usort($myarray, function($a,$b) { "$field2=compare_ints($a['field2'], $b['field2']); if($field2==0){return compare_ints($a['field5'], $b['field5']);}else{return $field2;}" } );

When written out like this, it’s clear that changing the usort invocation from create_function to using a callable as you’ve indicated above won’t return anything (so usort will leave all the elements in their existing order). This may be the part that wasn’t clear in your understanding of how it was working.

Solution

You could do something like the following (which may be similar to a simplified version of the internal logic of the existing get_usort_function):

<?php

function print_people($people) {
  foreach($people as ['id' => $id, 'name' => $name]) {
    print("{$id}: {$name}n");
  }
  print("n");
}

function get_usort_callable(...$fields) {
  return function ($a, $b) use ($fields) {
    foreach ($fields as $field) {
      $result = $a[$field] <=> $b[$field];
      if ($result != 0) { return $result; }
    }
    return 0;
  };
}

$a1 = ['id' => 9, 'name' => 'Andy'];
$a2 = ['id' => 6, 'name' => 'Carol'];
$a3 = ['id' => 5, 'name' => 'Bob'];
$a = [$a1, $a2, $a3];

print_people($a);

usort($a, get_usort_callable('id', 'name'));

print_people($a);

usort($a, get_usort_callable('name', 'id'));

print_people($a);

which gives the following output:

9: Andy
6: Carol
5: Bob

5: Bob
6: Carol
9: Andy

9: Andy
5: Bob
6: Carol

The main takeaway here is using the use keyword on the anonymous function returned by get_usort_callable to make $fields available for use. If you wanted to match the functionality of the existing get_usort_function you could rewrite it to take a string, and split that up.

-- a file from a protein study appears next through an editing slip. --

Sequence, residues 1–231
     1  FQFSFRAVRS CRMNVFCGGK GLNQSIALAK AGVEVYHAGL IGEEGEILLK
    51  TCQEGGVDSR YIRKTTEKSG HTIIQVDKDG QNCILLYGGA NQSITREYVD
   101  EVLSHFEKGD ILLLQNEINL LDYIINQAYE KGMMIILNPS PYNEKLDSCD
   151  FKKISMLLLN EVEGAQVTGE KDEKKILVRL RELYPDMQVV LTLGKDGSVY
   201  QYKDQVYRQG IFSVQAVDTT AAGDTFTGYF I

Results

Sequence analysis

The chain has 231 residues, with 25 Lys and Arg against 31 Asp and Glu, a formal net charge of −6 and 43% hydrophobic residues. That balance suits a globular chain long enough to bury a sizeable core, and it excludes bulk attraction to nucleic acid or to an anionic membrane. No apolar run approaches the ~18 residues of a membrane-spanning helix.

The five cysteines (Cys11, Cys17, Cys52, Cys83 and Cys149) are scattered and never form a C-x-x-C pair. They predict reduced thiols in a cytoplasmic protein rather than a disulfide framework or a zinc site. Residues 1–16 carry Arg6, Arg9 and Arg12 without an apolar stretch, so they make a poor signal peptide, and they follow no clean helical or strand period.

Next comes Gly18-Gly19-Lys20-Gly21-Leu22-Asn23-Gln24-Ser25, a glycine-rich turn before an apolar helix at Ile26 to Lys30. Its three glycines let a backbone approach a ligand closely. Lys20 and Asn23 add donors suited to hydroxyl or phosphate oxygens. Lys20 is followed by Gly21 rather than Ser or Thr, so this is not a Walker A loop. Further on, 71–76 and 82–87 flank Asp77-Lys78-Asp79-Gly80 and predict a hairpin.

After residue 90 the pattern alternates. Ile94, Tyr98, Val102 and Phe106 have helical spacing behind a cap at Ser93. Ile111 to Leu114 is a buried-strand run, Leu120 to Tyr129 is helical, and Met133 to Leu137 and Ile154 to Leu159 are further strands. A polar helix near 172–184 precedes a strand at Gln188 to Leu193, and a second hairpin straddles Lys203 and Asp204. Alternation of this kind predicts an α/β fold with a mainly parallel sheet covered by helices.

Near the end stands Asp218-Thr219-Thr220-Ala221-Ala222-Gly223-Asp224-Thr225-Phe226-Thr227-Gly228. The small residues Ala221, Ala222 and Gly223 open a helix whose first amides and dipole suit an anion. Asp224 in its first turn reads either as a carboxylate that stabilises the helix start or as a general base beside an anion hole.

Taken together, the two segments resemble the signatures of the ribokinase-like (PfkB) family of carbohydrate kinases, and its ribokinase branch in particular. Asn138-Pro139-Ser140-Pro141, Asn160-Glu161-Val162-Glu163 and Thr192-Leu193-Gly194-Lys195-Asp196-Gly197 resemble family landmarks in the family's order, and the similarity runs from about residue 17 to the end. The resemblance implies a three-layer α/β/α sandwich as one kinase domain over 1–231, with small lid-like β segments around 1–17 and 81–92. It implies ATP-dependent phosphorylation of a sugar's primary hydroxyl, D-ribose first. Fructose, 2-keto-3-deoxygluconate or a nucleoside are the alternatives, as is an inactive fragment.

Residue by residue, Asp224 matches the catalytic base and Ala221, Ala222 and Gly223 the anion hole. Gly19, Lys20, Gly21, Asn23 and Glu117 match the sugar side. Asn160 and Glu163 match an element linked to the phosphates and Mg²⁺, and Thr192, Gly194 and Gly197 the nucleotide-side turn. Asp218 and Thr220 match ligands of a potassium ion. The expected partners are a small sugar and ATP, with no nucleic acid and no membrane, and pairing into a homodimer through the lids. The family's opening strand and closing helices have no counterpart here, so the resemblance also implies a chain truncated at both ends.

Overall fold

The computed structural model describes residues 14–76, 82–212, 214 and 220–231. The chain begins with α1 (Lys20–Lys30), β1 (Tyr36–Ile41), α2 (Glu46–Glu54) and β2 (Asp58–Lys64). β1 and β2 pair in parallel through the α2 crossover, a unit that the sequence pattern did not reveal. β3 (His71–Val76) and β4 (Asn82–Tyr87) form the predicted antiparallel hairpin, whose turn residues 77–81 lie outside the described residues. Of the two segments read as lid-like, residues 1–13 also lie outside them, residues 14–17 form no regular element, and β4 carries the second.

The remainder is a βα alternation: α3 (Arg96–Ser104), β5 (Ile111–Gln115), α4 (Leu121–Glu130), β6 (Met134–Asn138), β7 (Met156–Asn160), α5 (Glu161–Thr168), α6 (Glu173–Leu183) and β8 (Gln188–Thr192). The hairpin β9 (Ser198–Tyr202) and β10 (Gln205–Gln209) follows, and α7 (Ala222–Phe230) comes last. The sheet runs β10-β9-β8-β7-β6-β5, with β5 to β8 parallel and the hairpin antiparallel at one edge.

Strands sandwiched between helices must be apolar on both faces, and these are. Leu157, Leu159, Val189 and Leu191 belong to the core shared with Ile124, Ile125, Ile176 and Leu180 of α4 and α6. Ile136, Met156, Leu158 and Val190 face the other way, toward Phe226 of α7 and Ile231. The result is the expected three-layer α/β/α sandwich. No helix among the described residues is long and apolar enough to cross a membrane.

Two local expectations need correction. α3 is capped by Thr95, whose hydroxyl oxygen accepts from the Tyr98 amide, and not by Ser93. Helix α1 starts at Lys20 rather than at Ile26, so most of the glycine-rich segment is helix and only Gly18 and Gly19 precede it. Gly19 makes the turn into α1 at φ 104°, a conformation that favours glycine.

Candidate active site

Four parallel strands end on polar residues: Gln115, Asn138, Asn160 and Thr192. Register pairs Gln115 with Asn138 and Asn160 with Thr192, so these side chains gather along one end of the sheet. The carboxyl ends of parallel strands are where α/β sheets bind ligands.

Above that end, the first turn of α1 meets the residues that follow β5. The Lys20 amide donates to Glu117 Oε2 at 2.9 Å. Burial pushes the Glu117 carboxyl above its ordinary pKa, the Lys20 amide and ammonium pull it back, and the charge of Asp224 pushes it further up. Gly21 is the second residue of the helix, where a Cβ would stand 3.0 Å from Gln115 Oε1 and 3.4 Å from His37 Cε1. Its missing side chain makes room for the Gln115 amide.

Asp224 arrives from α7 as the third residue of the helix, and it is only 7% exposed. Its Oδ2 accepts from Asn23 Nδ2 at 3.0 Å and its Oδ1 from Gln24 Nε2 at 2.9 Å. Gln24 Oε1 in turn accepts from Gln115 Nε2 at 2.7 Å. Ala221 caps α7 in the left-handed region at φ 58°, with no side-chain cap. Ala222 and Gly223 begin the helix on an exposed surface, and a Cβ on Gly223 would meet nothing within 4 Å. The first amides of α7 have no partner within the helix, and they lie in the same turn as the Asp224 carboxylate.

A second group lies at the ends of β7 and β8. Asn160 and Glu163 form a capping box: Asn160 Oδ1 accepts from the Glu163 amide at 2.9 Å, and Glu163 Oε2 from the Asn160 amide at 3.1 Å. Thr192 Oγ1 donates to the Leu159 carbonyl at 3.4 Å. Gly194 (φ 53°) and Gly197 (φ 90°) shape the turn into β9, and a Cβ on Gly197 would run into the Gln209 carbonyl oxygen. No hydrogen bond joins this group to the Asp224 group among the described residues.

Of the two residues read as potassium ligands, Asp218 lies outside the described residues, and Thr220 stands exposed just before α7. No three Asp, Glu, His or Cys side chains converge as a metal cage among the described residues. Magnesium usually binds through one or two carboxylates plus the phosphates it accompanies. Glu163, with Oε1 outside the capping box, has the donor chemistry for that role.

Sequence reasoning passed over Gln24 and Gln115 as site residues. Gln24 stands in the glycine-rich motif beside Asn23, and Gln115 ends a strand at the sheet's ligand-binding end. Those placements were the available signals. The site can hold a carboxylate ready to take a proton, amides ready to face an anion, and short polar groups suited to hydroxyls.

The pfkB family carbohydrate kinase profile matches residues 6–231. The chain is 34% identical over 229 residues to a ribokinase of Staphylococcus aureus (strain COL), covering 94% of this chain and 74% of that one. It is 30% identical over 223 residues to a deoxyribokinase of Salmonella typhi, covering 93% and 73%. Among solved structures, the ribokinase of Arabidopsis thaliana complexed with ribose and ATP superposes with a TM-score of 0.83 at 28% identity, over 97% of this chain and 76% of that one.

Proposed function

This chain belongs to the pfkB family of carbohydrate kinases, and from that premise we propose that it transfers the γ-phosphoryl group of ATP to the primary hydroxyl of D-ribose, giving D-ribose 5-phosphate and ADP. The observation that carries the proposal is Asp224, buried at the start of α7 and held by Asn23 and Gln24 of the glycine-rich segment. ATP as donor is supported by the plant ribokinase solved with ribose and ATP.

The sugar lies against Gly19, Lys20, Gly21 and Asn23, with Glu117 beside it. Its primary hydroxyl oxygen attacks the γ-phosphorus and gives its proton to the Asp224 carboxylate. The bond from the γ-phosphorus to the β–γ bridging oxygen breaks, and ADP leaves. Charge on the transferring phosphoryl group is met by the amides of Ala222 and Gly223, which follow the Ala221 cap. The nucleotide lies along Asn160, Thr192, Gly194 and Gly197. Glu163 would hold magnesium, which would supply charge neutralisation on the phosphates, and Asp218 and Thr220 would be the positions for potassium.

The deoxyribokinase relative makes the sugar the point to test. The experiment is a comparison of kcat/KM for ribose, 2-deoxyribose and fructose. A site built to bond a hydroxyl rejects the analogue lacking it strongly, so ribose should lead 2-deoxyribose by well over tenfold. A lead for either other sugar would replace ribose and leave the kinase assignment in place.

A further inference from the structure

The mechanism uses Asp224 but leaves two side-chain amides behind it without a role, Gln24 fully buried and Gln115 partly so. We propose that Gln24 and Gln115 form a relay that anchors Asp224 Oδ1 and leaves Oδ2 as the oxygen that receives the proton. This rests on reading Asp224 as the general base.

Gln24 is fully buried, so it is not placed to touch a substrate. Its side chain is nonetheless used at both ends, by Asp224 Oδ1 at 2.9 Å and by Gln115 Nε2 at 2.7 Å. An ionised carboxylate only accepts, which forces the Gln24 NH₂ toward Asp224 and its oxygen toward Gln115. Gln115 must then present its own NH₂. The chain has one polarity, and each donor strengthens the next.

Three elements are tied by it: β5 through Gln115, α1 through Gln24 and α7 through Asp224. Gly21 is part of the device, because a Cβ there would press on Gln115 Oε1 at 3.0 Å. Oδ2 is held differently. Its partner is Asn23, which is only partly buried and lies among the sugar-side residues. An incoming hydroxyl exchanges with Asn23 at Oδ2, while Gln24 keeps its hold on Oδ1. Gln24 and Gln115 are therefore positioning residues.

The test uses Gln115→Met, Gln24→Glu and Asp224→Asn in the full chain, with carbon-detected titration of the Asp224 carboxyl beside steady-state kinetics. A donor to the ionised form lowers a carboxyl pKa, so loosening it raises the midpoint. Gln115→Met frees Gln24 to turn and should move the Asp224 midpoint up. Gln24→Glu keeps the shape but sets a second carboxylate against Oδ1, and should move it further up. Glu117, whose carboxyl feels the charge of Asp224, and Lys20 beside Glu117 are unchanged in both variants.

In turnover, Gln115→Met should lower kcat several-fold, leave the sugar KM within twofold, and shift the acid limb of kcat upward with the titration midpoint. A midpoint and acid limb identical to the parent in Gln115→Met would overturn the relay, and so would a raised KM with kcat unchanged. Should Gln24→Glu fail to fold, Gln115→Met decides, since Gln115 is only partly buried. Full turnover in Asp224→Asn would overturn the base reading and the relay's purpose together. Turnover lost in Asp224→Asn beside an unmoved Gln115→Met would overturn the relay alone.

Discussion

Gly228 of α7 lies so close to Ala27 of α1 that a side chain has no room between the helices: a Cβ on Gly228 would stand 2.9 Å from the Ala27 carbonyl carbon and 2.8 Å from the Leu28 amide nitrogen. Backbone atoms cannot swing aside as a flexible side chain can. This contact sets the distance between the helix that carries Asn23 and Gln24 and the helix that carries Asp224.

Minimal work

Given that you are going to have to move away from create_function to use PHP 8, the least amount of work you can do will be to rewrite get_usort_function to return a callable (similar to above) and replace invocations like:

usort($myarray, create_function('$a,$b', get_usort_function(...)));

with:

usort($myarray, get_usort_function(...));

Given that you have access to the internal logic of get_usort_function it should not be too difficult, and thankfully that is only in one spot. The refactoring of the call-sites is pretty mechanical too, almost a find and replace with any IDE.

Going forward (and depending on your preference), you may want to replace the SQL ORDER BY style string with a structured array, eg:

'field2 ASC, field5 ASC'

becomes:

[
  [
    'field' => 'field2',
    'direction' => 'asc'
  ],
  [
    'field' => 'field5',
    'direction' => 'asc'
  ]
]

to avoid possible issues with whitespacing etc that require additional handling in get_usort_function.

create_function vs anonymous functions

When moving from uses of create_function to using anonymous functions, you no longer need to have the arguments and body of the function passed as strings. For example, the following two callables are equivalent:

create_function('$a,$b', 'return $a["id"] <=> $b["id"];')
function($a, $b) { return $a["id"] <=> $b["id"]; }

and could be used interchangeably.

Adding in one level of indirection (as you have in your question), through use of the following functions:

function sort_by_function_body($field) {
  return "return $a["{$field}"] <=> $b["{$field}"];";
}

function sort_by_callable($field) {
  return function($a, $b) use ($field) { return $a[$field] <=> $b[$field]; };
}

these two are also equivalent:

create_function('$a,$b', sort_by_function_body('id'))
sort_by_callable('id')

The main takeaway from this is that the sort_by_callable function itself returns a specialised anonymous function, which will sort on the field passed in, as opposed to a string containing the code to perform the same logic.